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Suggested Citation:"Chapter 5 - Case Studies in Airport/Stakeholder Communication." National Academies of Sciences, Engineering, and Medicine. 2009. Aircraft Noise: A Toolkit for Managing Community Expectations. Washington, DC: The National Academies Press. doi: 10.17226/14338.
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Suggested Citation:"Chapter 5 - Case Studies in Airport/Stakeholder Communication." National Academies of Sciences, Engineering, and Medicine. 2009. Aircraft Noise: A Toolkit for Managing Community Expectations. Washington, DC: The National Academies Press. doi: 10.17226/14338.
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Suggested Citation:"Chapter 5 - Case Studies in Airport/Stakeholder Communication." National Academies of Sciences, Engineering, and Medicine. 2009. Aircraft Noise: A Toolkit for Managing Community Expectations. Washington, DC: The National Academies Press. doi: 10.17226/14338.
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Suggested Citation:"Chapter 5 - Case Studies in Airport/Stakeholder Communication." National Academies of Sciences, Engineering, and Medicine. 2009. Aircraft Noise: A Toolkit for Managing Community Expectations. Washington, DC: The National Academies Press. doi: 10.17226/14338.
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Suggested Citation:"Chapter 5 - Case Studies in Airport/Stakeholder Communication." National Academies of Sciences, Engineering, and Medicine. 2009. Aircraft Noise: A Toolkit for Managing Community Expectations. Washington, DC: The National Academies Press. doi: 10.17226/14338.
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Suggested Citation:"Chapter 5 - Case Studies in Airport/Stakeholder Communication." National Academies of Sciences, Engineering, and Medicine. 2009. Aircraft Noise: A Toolkit for Managing Community Expectations. Washington, DC: The National Academies Press. doi: 10.17226/14338.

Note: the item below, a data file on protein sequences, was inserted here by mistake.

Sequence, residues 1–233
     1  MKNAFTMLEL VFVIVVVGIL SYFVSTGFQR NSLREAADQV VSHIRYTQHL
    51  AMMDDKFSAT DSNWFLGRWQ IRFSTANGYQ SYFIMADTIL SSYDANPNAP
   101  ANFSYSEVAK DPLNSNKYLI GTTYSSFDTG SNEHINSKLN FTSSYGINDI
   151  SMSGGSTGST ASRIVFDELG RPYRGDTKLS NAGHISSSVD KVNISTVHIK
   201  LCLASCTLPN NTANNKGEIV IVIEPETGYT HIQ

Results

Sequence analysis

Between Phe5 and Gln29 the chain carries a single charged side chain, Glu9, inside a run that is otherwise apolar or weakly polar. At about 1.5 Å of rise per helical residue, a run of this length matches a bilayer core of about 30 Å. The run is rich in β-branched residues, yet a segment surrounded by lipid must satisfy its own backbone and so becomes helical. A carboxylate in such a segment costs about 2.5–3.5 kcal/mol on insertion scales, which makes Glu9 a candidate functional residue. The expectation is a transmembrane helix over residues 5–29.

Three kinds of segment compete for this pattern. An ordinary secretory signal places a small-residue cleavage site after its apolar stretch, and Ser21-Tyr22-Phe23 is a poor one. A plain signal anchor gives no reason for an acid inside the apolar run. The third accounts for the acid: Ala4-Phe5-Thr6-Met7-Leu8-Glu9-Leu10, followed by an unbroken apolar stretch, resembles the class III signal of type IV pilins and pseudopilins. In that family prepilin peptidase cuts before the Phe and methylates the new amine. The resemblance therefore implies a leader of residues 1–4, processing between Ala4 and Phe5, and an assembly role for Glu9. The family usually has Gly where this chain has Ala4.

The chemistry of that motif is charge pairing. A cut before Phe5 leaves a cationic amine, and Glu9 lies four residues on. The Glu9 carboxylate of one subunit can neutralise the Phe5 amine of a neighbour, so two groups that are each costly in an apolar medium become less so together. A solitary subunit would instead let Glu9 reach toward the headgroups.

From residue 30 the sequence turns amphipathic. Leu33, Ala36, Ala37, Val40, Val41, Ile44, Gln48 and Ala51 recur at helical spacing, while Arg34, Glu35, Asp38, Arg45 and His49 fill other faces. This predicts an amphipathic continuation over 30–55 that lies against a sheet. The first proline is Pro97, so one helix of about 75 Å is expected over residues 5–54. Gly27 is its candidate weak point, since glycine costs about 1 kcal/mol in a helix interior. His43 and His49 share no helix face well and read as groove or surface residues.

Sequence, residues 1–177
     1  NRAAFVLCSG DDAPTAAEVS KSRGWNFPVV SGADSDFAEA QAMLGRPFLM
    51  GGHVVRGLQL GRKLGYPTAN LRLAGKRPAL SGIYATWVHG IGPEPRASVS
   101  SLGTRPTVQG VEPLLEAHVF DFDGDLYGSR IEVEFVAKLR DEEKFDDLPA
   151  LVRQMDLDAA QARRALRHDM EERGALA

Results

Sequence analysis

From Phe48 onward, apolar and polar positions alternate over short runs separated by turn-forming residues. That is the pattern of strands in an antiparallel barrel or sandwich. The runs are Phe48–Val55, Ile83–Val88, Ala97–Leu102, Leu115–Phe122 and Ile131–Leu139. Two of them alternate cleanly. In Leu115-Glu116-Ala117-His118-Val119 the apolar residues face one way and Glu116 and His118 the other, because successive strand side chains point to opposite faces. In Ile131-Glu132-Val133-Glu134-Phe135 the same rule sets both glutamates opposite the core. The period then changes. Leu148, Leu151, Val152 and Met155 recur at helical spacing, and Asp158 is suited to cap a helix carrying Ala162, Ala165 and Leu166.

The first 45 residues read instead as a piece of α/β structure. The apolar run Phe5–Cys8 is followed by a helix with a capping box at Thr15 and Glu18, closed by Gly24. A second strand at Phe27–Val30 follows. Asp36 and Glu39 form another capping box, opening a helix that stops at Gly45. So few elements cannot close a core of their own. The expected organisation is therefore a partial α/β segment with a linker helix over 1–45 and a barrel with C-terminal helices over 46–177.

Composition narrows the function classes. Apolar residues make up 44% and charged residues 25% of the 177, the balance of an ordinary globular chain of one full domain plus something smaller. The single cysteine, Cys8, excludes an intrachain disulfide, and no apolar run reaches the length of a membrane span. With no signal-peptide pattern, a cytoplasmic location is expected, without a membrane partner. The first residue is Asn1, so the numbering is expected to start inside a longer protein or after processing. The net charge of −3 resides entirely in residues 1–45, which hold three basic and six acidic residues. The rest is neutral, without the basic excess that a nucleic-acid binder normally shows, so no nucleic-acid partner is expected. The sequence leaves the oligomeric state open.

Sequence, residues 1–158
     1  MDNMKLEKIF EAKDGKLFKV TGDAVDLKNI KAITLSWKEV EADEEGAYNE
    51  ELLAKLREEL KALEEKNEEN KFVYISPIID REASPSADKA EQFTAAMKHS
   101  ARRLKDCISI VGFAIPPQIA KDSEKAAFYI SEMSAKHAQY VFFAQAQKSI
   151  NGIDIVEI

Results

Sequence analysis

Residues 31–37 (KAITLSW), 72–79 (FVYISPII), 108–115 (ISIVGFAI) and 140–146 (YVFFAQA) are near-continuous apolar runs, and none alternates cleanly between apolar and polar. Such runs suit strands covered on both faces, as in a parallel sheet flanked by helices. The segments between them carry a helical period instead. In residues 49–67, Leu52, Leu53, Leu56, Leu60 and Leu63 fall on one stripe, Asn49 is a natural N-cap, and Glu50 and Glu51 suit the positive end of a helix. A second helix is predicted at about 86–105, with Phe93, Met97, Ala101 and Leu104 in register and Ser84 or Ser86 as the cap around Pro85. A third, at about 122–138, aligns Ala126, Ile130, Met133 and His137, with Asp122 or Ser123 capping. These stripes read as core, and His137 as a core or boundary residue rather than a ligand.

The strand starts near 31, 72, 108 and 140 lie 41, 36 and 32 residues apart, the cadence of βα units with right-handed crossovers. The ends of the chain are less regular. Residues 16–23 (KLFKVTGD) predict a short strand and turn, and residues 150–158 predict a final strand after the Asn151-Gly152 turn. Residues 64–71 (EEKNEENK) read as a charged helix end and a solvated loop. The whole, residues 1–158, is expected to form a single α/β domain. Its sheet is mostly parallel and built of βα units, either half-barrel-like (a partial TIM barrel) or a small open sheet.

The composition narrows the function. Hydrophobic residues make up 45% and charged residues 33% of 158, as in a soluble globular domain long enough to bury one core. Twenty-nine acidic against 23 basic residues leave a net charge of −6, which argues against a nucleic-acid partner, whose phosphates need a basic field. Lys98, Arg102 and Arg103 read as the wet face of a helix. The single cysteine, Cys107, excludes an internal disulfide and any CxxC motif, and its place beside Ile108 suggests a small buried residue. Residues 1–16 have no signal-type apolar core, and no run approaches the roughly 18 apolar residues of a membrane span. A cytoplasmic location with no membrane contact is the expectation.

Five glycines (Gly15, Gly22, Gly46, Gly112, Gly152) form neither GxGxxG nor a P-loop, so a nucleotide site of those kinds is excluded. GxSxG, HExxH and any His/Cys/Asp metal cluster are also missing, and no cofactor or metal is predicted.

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Suggested Citation:"Chapter 5 - Case Studies in Airport/Stakeholder Communication." National Academies of Sciences, Engineering, and Medicine. 2009. Aircraft Noise: A Toolkit for Managing Community Expectations. Washington, DC: The National Academies Press. doi: 10.17226/14338.
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Suggested Citation:"Chapter 5 - Case Studies in Airport/Stakeholder Communication." National Academies of Sciences, Engineering, and Medicine. 2009. Aircraft Noise: A Toolkit for Managing Community Expectations. Washington, DC: The National Academies Press. doi: 10.17226/14338.
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Suggested Citation:"Chapter 5 - Case Studies in Airport/Stakeholder Communication." National Academies of Sciences, Engineering, and Medicine. 2009. Aircraft Noise: A Toolkit for Managing Community Expectations. Washington, DC: The National Academies Press. doi: 10.17226/14338.
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Suggested Citation:"Chapter 5 - Case Studies in Airport/Stakeholder Communication." National Academies of Sciences, Engineering, and Medicine. 2009. Aircraft Noise: A Toolkit for Managing Community Expectations. Washington, DC: The National Academies Press. doi: 10.17226/14338.